Just as our bodies and minds change throughout life, so does our ability to get the recommended seven-plus hours of good, quality sleep each night. In fact, it’s estimated that 40 to 70 percent of older adults routinely experience sleep problems, like difficulty falling asleep or staying asleep.
Insufficient sleep doesn’t just wreck your mind and mood the next day; it’s been linked to a number of chronic health conditions, including type 2 diabetes, cardiovascular disease, obesity and depression. What’s more, lack of sleep can increase your risk of accidents and falls.
Poor sleep can be traced back to a number of causes, from stress to screen time to health-related issues like heartburn. Commonly used prescription and over-the-counter medications can also contribute.
Here are 10 sleep-disrupting drugs commonly used by older adults.
1. Cold and allergy decongestants
Class of medications: alpha-/beta-agonist; decongestants commonly used for runny nose and nasal congestion
Common names: phenylephrine (Sudafed PE), pseudoephedrine (Sudafed) and various other combinations. Always check the active ingredients on the product’s label.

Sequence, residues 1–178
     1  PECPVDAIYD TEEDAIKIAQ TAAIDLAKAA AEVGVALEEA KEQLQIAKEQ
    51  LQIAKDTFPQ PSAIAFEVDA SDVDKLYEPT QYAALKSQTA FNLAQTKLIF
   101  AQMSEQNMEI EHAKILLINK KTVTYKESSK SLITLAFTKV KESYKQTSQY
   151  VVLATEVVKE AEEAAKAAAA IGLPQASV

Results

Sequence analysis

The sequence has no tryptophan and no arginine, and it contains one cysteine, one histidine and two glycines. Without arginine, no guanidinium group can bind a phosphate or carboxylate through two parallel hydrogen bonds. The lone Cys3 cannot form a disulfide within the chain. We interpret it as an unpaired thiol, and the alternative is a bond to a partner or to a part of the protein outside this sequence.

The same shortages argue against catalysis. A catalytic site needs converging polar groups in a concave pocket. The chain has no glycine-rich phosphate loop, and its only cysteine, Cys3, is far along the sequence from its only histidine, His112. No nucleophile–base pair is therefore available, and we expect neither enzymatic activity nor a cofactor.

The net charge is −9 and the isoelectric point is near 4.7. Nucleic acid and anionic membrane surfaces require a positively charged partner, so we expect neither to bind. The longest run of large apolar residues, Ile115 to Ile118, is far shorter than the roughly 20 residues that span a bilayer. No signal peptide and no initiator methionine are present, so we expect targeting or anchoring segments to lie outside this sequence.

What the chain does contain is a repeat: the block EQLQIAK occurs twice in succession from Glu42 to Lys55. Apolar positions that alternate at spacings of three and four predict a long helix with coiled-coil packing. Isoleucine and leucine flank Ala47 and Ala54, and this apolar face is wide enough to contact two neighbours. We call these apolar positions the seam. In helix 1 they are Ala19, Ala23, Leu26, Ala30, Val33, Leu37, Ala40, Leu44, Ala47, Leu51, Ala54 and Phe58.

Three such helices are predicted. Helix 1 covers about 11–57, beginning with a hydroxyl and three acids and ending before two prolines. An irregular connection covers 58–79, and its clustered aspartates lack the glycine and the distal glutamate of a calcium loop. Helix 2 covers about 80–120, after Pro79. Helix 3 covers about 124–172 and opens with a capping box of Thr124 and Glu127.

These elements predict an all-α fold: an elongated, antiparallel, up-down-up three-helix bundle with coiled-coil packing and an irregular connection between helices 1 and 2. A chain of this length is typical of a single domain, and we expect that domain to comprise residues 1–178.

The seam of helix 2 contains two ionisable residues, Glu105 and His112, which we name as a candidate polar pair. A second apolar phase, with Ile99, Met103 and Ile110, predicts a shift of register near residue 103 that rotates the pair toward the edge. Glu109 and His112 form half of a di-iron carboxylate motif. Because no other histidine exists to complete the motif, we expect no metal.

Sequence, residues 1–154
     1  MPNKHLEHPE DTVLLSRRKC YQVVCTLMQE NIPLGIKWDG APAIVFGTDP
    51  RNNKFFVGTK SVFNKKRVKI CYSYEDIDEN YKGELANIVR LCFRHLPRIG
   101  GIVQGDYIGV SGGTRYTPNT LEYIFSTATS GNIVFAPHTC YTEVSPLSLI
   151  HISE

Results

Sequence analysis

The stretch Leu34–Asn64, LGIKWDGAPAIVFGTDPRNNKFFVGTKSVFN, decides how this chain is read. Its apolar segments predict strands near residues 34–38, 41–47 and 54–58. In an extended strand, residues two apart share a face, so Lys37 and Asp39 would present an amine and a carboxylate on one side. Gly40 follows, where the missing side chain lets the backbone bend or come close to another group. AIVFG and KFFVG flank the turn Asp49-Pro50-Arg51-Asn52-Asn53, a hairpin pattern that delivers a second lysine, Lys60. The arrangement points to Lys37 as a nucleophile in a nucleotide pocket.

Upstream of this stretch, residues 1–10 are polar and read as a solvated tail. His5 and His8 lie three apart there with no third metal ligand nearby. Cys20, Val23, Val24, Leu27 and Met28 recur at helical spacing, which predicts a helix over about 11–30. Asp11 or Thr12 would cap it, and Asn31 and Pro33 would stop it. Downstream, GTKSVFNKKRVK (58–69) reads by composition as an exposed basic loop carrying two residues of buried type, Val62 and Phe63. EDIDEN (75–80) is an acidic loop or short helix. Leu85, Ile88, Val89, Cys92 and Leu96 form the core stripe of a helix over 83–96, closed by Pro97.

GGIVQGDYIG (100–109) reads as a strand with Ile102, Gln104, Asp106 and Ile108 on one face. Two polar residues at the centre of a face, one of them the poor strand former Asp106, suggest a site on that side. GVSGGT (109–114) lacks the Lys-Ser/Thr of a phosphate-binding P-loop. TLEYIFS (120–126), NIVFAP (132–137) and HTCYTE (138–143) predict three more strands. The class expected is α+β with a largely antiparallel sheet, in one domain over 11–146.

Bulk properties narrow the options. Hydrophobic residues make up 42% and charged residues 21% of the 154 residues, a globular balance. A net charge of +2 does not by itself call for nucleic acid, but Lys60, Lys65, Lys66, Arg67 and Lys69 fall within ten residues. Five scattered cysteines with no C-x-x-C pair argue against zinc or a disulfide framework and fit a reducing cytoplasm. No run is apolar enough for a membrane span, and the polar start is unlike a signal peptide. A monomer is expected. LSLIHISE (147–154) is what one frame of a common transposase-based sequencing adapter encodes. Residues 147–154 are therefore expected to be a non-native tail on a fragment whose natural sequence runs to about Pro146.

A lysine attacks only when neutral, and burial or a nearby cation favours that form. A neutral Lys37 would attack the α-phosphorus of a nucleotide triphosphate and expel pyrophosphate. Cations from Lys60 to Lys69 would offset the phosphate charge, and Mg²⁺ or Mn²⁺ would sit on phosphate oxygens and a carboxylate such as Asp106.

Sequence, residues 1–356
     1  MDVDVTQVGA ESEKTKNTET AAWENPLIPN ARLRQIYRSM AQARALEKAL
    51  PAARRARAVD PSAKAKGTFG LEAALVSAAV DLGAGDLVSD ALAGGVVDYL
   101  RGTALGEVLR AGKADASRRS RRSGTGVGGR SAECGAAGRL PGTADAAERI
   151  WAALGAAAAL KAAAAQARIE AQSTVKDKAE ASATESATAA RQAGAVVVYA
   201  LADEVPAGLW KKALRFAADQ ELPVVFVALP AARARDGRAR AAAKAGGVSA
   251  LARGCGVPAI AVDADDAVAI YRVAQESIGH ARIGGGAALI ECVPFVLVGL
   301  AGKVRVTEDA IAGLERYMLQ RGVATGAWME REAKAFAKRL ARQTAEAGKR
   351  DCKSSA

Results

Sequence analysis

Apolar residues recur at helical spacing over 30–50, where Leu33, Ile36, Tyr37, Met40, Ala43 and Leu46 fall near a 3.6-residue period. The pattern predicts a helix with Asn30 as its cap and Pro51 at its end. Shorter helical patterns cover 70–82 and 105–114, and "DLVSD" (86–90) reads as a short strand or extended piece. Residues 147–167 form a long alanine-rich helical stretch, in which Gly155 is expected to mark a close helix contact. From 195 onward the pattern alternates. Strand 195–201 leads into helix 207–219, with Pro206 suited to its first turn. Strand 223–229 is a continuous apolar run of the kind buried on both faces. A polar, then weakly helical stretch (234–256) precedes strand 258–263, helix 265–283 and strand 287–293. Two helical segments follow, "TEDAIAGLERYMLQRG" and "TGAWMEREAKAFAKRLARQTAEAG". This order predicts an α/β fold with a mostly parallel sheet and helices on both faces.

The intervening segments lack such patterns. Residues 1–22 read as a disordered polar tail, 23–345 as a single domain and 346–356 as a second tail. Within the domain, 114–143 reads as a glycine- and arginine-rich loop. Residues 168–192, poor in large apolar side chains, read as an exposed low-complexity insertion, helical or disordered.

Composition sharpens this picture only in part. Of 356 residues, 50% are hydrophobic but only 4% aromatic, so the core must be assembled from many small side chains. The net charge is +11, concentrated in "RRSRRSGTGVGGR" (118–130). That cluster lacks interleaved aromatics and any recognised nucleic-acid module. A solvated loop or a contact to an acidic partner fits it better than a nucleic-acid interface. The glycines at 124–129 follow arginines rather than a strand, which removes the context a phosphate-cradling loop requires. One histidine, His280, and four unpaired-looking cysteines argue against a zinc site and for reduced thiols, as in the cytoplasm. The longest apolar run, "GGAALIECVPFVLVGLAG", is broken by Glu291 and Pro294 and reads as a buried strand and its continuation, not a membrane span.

How they affect sleep: These drugs increase heart rate and heart muscle contractions, which can stir up heart palpitations, anxiety, blood pressure and excitability that prevents sleep or deep sleep.
What to do: Because these medications can affect the heart, check with your doctor or pharmacist before reaching for one — an alternative such as a steroid nasal spray may be recommended. If you get the OK from your health care provider and find you need a decongestant for more than seven days, or if your symptoms are worsening during use, contact your doctor to make sure there’s not another issue causing your symptoms, like an infection.
To read about more drugs that can disrupt your sleep, from AARP, CLICK HERE.